She said the District Attorney's Office also took the stance during the investigation that, because Robinson had been drinking the night of the alleged assault but wasn't unconscious at the time, authorities couldn't file a rape charge.

"Unconsciousness is rape. Black-out drunk is not rape," she said an investigator for the District Attorney's Office told her.

"I think this case at this point, the issue isn't whether physical contact took place...the issue in this case involves other circumstances surrounding the alleged assault," Woodall said.

UNC's policy on sex assault was revised two years ago to state that any sexual contact is considered an assault if there is no affirmative consent to it.

The policy was revised after five women filed a complaint with the U.S. Education Department's Office of Civil Rights over what they called an atmosphere of sexual violence at UNC. They accused the school of under-reporting sexual assault cases and alleged that administrators had created a hostile environment for students reporting sexual assault.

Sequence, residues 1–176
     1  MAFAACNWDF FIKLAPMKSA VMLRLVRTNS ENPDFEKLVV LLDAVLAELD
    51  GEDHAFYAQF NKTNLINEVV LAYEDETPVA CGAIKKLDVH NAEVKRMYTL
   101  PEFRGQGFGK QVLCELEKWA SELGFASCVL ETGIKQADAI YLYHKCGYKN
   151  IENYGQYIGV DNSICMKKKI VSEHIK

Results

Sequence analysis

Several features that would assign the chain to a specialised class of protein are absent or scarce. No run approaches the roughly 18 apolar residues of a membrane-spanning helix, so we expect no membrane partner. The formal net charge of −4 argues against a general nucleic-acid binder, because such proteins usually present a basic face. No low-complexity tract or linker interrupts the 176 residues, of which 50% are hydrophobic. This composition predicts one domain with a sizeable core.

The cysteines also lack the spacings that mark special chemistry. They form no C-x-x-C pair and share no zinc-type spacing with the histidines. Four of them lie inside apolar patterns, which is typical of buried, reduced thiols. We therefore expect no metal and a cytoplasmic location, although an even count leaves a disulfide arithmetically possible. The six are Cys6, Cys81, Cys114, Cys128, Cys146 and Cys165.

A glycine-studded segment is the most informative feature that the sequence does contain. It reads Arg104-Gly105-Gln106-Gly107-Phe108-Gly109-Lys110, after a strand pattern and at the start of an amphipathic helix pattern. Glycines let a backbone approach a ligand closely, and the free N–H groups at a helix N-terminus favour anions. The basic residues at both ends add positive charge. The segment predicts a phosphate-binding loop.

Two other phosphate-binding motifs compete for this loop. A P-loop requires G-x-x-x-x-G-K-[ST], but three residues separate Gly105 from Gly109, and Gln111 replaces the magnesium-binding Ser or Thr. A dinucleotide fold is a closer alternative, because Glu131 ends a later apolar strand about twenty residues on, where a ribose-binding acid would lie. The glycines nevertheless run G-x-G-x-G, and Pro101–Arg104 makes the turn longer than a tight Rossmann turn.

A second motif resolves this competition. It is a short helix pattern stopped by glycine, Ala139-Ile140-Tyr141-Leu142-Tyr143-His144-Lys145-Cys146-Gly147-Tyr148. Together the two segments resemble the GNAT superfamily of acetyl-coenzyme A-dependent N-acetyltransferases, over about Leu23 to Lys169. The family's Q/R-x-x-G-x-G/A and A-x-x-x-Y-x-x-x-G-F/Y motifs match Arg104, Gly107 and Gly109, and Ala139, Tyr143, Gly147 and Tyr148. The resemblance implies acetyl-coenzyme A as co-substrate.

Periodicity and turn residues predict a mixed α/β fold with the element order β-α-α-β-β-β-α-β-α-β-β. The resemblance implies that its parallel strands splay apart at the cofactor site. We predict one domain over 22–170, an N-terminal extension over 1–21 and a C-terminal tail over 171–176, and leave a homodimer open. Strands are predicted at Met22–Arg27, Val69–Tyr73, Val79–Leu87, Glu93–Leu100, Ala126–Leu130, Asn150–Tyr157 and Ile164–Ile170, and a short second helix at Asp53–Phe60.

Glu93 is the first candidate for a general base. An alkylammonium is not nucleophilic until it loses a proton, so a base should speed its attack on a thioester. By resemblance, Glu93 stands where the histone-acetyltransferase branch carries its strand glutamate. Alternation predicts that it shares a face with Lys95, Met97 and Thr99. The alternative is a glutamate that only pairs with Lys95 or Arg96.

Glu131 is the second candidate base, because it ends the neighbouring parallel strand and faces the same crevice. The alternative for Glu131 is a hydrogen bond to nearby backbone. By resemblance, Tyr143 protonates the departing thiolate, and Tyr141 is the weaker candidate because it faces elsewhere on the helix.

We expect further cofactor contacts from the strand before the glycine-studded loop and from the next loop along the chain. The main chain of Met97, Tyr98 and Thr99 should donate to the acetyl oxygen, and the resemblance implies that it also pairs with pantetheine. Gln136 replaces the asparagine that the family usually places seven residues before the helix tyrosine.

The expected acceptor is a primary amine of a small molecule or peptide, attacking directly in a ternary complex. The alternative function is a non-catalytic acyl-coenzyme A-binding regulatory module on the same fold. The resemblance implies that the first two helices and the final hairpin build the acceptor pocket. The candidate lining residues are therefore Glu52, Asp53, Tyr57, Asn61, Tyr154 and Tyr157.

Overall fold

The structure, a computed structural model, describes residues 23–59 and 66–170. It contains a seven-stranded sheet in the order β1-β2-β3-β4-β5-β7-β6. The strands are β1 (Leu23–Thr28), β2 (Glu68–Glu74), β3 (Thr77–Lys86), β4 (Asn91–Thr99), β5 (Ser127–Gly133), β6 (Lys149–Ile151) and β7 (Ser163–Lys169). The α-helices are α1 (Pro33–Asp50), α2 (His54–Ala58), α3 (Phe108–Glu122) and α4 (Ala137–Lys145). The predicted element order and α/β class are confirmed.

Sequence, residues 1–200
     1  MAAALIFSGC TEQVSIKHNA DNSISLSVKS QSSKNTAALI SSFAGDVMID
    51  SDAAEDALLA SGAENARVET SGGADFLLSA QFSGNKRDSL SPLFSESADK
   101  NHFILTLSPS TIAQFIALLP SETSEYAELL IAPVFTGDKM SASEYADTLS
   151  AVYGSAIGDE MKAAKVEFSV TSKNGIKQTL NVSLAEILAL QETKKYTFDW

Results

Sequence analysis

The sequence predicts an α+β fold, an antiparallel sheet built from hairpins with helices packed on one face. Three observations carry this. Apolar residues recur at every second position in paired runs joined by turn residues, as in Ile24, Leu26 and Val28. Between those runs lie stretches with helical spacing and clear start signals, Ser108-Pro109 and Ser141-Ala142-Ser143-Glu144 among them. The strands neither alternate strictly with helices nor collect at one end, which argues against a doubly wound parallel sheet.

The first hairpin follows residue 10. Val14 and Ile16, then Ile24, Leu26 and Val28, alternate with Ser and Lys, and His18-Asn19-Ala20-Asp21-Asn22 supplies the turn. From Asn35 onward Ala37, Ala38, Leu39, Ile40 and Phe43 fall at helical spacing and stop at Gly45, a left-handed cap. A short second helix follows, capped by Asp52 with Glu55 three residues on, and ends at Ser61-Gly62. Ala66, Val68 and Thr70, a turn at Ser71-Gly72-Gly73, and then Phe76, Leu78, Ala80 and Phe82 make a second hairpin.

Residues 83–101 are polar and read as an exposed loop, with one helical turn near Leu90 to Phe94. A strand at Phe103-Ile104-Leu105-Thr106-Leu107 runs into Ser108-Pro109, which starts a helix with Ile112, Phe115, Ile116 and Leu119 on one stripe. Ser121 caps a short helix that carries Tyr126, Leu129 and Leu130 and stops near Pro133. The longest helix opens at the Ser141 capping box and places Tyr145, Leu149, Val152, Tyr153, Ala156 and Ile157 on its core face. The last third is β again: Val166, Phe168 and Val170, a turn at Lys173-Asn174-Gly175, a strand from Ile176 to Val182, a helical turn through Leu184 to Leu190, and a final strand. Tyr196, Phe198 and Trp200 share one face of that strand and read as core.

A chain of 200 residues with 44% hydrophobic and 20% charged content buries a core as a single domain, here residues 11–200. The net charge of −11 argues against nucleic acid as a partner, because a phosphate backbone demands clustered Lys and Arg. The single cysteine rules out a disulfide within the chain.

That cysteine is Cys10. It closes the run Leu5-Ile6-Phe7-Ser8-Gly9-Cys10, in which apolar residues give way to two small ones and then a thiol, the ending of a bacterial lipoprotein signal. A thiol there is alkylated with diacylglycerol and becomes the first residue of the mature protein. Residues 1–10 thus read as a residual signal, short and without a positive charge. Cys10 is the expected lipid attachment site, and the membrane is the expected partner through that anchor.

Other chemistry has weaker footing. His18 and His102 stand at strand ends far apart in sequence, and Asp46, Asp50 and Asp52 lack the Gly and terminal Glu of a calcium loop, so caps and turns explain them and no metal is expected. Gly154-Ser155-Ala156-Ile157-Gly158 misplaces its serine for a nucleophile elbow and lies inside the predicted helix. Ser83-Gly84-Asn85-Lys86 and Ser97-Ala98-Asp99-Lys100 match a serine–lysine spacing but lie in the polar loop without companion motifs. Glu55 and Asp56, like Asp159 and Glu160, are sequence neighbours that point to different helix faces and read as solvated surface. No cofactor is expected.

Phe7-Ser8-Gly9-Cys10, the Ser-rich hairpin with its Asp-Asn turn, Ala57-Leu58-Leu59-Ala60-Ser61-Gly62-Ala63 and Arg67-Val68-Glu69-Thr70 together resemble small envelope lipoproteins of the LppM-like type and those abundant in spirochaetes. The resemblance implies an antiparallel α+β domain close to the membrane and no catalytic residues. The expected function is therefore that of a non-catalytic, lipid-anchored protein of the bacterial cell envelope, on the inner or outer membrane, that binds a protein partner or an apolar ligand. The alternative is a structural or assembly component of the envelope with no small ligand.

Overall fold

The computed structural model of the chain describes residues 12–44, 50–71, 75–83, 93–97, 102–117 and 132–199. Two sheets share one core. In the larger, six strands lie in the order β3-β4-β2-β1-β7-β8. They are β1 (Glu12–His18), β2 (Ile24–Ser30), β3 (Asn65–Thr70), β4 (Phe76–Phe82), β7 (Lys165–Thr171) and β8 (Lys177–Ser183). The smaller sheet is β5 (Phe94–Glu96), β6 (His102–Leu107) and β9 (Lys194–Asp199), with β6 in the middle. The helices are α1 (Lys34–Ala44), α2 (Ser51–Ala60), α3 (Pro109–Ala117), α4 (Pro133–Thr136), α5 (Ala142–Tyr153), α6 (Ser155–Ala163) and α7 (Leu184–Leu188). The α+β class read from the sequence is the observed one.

In addition to the policy overhaul, UNC mandated that all students take an online sexual violence and harassment course, and it changed its procedures for handling sex assault cases.

Robinson said she has no intentions of transferring from UNC, but seeing Artis on campus is difficult. She said she came forward in hopes of protecting other students.

"The biggest reason why I thought it was necessary to do this is because (if) the person before me – the student before me – had the capability to come forward, I might not be in the position I am today, and I can't continue on without doing this knowing that the student who does come after me will be put in this position," she said.

Other students say they don't worry about their own safety, but are more concerned about the way Robinson's case was handled.

"I feel like there is some concern about that. We have discussed it in my little social group. It is concerning," said UNC senior Stephanie Ryan. "I think people will still go along with their lives and go out and do the things they want to do."


Copyright 2024 by Capitol Broadcasting Company. All rights reserved. This material may not be published, broadcast, rewritten or redistributed.